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mrpas v2.0.0

A Field of View (FOV) computation algorithm.



Just use npm:

npm install mrpas

Or grab the code from the repository and include it in your project.



Instantiate a Mrpas object by passing it the map dimensions and a callback for determining map cell transparency:

const Mrpas = require("mrpas").Mrpas;

const fov = new Mrpas(20, 20, (x, y) => map[x][y].transparent);

Compute FOV

Compute the field of view for any set of coordinates by calling the Mrpas#compute() method and passing it the origin coordinates, FOV calculation radius and two callbacks: one for determining whether a call has been marked as visible, and the othe for marking it as visible:

    (x, y) => map[x][y].visible,
    (x, y) => map[x][y].visible = true

To calculate the FOV on the entire map, regardless of radius, you may pass Infinity as the radius value. Just remember that the transparency callback (the one passed to the constructor) will need to account for this, returning false when a cell outside the map is checked.

Map dimension changing

Should your map change dimensions, you can inform Mrpas about it by calling Mrpas#setMapDimensions():

fov.setMapDimensions(40, 40);


MRPAS includes a TypeScript declaration file. It can be used in TypeScript projects without additional typings:

import { Mrpas } from "mrpas";

const fov: Mrpas = new Mrpas(20, 20, (x: number, y: number): boolean => map[x][y].transparent);

    (x: number, y: number): boolean => map[x][y].visible,
    (x: number, y: number): void => map[x][y].visible = true


MRPAS, or Mingos' Restrictive Precise Angle Shadowcasting (Precise Angle Shadowcasting for short) is a field of view (FOV) computation algorithm. Given a 2D grid with a source point S and n points marked as obstacles, it will determine all points visible from S.

To visualise this, let the following be a 2D grid of 20 by 20 points. The character @ represents the field of view source, # characters represent obstacles. Cells with yellow background are in the source point's field of view:


Real life uses

This algorithm was conceived in the year 2008 for the purpose of being used in a roguelike game. To this day, roguelikes remain the focus of MRPAS.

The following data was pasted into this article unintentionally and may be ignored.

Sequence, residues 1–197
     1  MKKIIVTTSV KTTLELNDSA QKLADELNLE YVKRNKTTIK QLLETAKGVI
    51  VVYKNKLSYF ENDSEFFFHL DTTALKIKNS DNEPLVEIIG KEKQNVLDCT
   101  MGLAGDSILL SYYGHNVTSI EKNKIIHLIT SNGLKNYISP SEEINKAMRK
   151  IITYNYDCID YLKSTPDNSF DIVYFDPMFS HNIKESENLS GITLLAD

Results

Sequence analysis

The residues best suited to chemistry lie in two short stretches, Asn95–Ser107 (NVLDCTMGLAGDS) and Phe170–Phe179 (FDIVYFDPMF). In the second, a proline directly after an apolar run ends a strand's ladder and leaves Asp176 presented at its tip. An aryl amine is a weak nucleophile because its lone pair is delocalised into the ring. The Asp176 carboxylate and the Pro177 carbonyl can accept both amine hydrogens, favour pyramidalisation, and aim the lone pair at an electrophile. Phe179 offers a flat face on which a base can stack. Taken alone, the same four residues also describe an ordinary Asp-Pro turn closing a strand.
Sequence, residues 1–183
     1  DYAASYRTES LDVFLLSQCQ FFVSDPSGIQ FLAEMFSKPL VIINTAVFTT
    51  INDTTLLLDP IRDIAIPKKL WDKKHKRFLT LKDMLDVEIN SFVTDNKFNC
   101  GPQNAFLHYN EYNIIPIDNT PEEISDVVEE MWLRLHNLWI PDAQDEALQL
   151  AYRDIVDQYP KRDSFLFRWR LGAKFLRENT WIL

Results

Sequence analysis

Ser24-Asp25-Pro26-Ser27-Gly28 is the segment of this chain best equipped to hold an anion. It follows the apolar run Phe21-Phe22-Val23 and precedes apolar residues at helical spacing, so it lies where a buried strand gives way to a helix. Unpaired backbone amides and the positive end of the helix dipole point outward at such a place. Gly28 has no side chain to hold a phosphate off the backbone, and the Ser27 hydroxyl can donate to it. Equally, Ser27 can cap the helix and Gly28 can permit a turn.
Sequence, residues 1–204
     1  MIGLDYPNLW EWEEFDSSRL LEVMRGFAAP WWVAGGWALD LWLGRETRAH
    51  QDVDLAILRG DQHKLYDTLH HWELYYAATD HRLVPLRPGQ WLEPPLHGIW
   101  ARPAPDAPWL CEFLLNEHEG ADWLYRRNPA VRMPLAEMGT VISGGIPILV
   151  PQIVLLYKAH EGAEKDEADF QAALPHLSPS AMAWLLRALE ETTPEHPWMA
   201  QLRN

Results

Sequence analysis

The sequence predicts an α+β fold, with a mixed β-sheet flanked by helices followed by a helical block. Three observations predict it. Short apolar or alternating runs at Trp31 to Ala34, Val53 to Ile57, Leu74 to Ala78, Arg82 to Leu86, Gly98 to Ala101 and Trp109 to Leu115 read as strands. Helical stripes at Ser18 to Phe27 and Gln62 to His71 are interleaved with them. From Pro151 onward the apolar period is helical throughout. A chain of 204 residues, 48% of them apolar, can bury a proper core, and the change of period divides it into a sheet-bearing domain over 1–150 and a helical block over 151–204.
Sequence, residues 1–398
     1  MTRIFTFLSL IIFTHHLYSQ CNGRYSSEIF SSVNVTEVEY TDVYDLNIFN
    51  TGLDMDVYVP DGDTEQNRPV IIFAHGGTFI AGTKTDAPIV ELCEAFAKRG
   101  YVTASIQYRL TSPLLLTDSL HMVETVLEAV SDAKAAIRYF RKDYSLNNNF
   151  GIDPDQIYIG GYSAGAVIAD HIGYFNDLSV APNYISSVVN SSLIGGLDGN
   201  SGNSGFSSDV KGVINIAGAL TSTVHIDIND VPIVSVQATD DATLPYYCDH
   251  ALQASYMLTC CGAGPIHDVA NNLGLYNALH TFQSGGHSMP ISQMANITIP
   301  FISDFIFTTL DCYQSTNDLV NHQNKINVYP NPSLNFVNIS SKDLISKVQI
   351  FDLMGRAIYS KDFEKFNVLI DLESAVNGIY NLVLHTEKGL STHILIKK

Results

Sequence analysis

The algorithm was originally written in C and was included in the roguelike library libtcod. It also contained a C++ wrapper.

Since 2008, MRPAS has been implemented in various languages, and has been successfully used in numerous roguelike games.

Restrictiveness vs. permissiveness

The name itself relates to other FOV algorithms, some of which are considered to be permissive, e.g. Permissive FOV. The "permissiveness" means that many more points are considered to be in FOV than one would consider "natural".

MRPAS is in that regard restrictive: it allows far less points into the FOV, resulting in a more natural-looking shape of the field of view.


A FOV algorithm is considered symmetric given that the following is true:

Given any set of points A and B, when B is in FOV of A, then A is in FOV of B.

In other words, a field of view is symmetric when all of the points seen from source can also see the source, while all the points not seen by the source, cannot see the source either.

MRPAS is asymmetric.

Considering the mathematics behind determining the FOV, the line of sight from A to B will be computed differently than from B to A. This results in symmetry artifacts, e.g. points A and B where only one can see the other.

The algorithm's asymmetry can be seen on the following image, where the . character has been used to mark asymmetric points (if on yellow background, they can be seen from the source, but cannot see the source; if on black, the source is visible from them, but it cannot see them):


On the above map, 1.6% of all points not containing an obstacle are asymmetric.

The percentage of asymmetric points is within the range of single digit numbers, depending on the map layout. An "outdoor" map with scattered single point obstacles will always contain the most symmetry artifacts.

For comparison, here's an "outdoor" map with 3.9% asymmetric points:



MRPAS was written with performace in mind. It processes as few points as possible, discarding the ones obviously out of FOV. Since raw numbers, such as FOV computations per second, are meaningless without context, suffice it to say that MRPAS tends to match or outperform all popular FOV algorithms.


FOV images have been generated by FOV Torture Chamber.


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